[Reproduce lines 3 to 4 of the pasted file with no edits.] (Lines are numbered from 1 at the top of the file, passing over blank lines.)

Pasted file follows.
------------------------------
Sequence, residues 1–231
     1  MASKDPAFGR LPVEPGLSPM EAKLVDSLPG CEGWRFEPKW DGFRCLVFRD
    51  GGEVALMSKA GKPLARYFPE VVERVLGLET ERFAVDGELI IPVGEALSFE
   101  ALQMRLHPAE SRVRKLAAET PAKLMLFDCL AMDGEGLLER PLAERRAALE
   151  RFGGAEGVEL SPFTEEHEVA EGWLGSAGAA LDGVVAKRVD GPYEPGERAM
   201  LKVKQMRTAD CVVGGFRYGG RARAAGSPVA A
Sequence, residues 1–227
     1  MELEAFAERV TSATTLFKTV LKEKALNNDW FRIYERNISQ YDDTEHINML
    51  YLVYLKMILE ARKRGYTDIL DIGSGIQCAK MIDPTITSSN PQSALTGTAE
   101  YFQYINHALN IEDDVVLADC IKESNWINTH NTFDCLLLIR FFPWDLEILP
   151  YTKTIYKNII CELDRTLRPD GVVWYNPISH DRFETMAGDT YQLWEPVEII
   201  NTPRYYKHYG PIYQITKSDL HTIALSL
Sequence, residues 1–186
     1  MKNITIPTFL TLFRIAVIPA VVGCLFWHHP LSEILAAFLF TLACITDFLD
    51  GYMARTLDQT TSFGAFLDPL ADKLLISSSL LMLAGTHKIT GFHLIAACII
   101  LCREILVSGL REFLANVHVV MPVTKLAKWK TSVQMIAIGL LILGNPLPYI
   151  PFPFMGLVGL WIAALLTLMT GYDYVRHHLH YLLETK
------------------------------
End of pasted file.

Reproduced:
    51  GGEVALMSKA GKPLARYFPE VVERVLGLET ERFAVDGELI IPVGEALSFE
   101  ALQMRLHPAE SRVRKLAAET PAKLMLFDCL AMDGEGLLER PLAERRAALE